Abstract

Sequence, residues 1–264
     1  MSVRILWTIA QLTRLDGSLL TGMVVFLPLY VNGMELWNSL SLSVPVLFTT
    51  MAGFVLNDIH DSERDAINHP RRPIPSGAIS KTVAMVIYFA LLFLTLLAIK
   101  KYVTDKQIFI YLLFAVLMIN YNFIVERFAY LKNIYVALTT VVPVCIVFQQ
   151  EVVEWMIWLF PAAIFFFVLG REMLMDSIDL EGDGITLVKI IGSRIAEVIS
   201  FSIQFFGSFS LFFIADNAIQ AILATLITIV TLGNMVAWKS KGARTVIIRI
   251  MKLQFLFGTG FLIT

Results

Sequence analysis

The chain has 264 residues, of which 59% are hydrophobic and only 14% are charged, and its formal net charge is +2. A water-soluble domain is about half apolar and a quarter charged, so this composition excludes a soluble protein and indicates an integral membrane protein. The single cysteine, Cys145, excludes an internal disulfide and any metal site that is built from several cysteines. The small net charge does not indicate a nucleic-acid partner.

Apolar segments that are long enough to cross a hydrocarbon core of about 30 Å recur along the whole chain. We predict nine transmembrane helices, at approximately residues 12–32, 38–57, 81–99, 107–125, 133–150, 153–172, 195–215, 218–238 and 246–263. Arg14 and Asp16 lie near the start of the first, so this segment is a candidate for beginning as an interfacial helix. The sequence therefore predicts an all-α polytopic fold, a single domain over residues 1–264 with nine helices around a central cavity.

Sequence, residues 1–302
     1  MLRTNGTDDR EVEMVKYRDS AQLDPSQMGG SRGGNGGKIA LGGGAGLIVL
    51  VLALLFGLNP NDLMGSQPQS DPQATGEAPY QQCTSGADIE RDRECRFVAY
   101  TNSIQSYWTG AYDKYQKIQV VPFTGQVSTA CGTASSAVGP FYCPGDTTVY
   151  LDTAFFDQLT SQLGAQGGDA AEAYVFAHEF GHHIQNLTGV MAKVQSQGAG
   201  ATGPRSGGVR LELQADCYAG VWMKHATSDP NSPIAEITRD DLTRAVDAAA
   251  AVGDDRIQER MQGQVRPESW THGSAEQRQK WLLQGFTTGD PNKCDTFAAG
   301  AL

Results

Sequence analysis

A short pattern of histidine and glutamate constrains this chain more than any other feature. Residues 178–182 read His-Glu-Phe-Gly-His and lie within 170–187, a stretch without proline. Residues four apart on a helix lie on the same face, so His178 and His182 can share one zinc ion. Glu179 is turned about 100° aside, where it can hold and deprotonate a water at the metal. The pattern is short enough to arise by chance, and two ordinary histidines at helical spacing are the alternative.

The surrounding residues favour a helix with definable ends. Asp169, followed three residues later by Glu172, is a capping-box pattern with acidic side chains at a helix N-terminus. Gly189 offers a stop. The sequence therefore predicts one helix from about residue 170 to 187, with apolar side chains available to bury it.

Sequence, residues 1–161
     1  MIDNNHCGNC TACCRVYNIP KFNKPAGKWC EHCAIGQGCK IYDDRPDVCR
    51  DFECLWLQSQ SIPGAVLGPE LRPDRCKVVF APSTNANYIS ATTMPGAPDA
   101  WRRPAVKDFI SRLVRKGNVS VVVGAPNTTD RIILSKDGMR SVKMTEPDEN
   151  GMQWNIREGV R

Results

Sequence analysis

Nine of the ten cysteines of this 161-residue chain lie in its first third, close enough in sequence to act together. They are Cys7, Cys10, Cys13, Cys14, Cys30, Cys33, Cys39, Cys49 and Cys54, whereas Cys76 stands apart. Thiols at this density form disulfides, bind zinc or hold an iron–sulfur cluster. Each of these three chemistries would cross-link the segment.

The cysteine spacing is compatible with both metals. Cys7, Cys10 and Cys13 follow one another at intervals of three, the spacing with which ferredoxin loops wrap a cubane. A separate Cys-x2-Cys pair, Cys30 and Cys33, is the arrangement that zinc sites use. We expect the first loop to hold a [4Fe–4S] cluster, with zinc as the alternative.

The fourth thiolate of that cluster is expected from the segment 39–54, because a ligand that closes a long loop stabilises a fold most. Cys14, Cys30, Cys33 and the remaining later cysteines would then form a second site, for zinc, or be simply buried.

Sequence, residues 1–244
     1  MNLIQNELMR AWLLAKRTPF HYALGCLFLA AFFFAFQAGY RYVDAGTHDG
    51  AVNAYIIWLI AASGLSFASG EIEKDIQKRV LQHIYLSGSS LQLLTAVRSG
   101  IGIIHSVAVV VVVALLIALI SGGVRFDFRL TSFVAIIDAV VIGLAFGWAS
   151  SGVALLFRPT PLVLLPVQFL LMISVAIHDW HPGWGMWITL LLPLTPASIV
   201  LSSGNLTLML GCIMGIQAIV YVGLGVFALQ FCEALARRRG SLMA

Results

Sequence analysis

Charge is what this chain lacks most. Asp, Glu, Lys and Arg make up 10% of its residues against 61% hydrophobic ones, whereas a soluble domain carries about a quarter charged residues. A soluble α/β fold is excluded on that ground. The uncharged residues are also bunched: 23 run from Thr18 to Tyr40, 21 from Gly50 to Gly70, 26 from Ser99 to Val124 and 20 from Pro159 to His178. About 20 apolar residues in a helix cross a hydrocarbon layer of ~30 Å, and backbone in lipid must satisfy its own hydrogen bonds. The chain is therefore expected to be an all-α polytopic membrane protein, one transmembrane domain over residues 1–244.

An evaluation of downhole electromagnetic (EM) sources has been made for mapping 3-D enhanced oil recovery (EOR) processes. Two types of sources considered were vertical magnetic dipoles and vertical to near-vertical electric dipoles and bipoles. These sources were used to produce magnetic field responses expected of EOR processes for crosswell configurations. A borehole-to-surface configuration was also studied for the downhole electric source, since this configuration can be highly sensitive to shallow 3-D EOR targets.For the crosswell arrays, the criteria used to evaluate the sources were the magnitudes of the observed signals with and without the process and the amount these signals change because of a migrating process. Instrumental noise was considered in the evaluation. Findings show that either electric or magnetic sources can produce truly significant changes in the fields, provided the fields before and after the initiation of the process are compared. An order of magnitude change in the fields has been demonstrated. The key to measuring such changes is to use the highest frequency possible. This frequency will be limited by instrumental noise. A migrating process did not produce field changes that are as large as those observed with and without the process. Nevertheless, model simulations showed that changes in the fields caused by the migrating processes are significant and measurable.Calculated responses of a shallow process at the surface showed that they were extremely sensitive to small deviations in the orientation of the downhole electric source. Quantitative interpretation should proceed only with techniques that explicitly consider the source orientation.

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